3.2.3. Flow down a slope In consideringchanges in the flow along a horizontal bed which take place over a relatively short distance, it was reasonable to neglect friction as we did above; but when the flow of a heavy layer down a long slope is of interest, friction must certainly be added if the velocity is not to increase without limit. Here, following the usual hydraulic assumption, we take the drag to be proportional to the square of the velocity and to include the effects of friction at the bottom and at the interface. (The form of the latter is treated more



fullyin $6.2.)The momentum equation parallel to a slopeat a small angle 8 to the horizontal is then

where the terms on the right represent respectively the component of gravity accelerating the layer, the pressure force due to a possible change in depth, and the frictional force (CD now being used to denote a combined drag coefficient). Eliminating the velocity using (3.2.3) gives

%(I dx


= (B- CDFe).


When F = I (and h, = h,, the critical depth), 8 = CD,the critical slope; a smooth change from subcritical to supercritical flow or vice versa can only occur when the slope is critical. More generally, when the flow is uniform and dhl/dx = o, F2= 8/CD, a constant which depends only on the slope and the friction, not at all on the rate of supply of fluid or its density. The corresponding normal depth of the flow h, is from (3.2.5)

When a flow is started with depth h, $: h, its behaviour depends on the relative magnitudes of h,, h, and h,. If h, > h, > h,, dh,/dx is positive and tends towards 8 for large X; this flow can remain sub- critical everywhere and spread out smoothly to merge with a layer of heavy fluid overlying a horizontal plane at the bottom of the slope (seefig. 3.12). Supercriticalflows,on the other hand, can onlychange to subcritical through ajump, which may occur either on the slope or further out over the horizontal plane. An especially convincing application of this result was made by Ball (1957). He explained the sudden changes from light to strong winds at a eoastal station in Antarctica in terms of the movement of a jump, which is formed as the katabatic wind (the downslope flow formed by cooling of the air over the continent) flows over the sea. Sometimes it is not clear if one should describe observations in these terms, or as a flow over an obstacle (fig. 3.9); the important feature in either case is that the flow is supercritical at the slope. Although a li& of clouds, strong rotary motions and sometimes waves downstream are associated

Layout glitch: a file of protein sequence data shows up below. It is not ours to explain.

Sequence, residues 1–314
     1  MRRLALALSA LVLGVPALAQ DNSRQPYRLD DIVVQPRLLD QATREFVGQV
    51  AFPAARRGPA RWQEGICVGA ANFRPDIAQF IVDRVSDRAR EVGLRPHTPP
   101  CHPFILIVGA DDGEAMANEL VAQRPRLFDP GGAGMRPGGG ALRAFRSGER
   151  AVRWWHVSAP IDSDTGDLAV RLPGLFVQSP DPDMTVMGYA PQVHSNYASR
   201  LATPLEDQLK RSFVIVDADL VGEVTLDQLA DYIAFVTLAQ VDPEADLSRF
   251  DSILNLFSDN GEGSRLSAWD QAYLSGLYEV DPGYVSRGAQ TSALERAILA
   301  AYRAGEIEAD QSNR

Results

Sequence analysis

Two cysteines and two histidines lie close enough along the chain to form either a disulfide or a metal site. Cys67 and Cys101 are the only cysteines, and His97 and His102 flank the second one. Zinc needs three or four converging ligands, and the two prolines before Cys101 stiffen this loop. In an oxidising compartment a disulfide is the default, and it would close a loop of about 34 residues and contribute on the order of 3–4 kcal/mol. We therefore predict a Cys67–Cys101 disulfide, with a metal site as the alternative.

Fig. 3.12. Flow of a heavy layer down a slope and onto a horizontal plane

(a) a subcritical flow can spread out smoothly, (b) a supercritical flow must

become subcritical through a hydraulic jump, whose position can change as the flow rate fluctuates.

with such hydraulicjumps, they arise in a rather different way from ordinary 'lee waves ' and the rotors discussed previously, which can only be formed when the flow over a mountain is subcritical.

3.2.4. The 'lock exchange' problem We turn now to phenomena in which the intrusion of a front or 'nose' into a fluid of different density is the main concern, rather than the steady flow of the layer behind it. Important examples are the motion of a front of cold air under warmer air in the atmosphere (on a small enough scale for rotation to be neglected, say a sea- breeze front rather than one associated with a large depression), or the intrusion of salt water under fresh when a lock gate is opened at the mouth of a river. Following Benjamin (1968) we will concentrate here on flows along a horizontal plane. It has been shownby Middle- ton (1966) that for small slopes the motion of the nose can be de- scribed using the depth and density difference at the nose itself, with the slope and the depth of the layer behind playing only a secondary role. (See the next section and especially $6.3.4 for a discussion of noses on steep slopes.) Consider first a two-dimensional frictionless flow in a closed channel of depth d, referred to axes fixed relative to the nose (see fig. 3.13 for the notation). As in 53.2. I, continuity and Bernoulli's equation applied just above the interface give two equations in- volving the final velocity U, and depth h of the flowing layer. In the absence of friction a third relation follows from the fact that the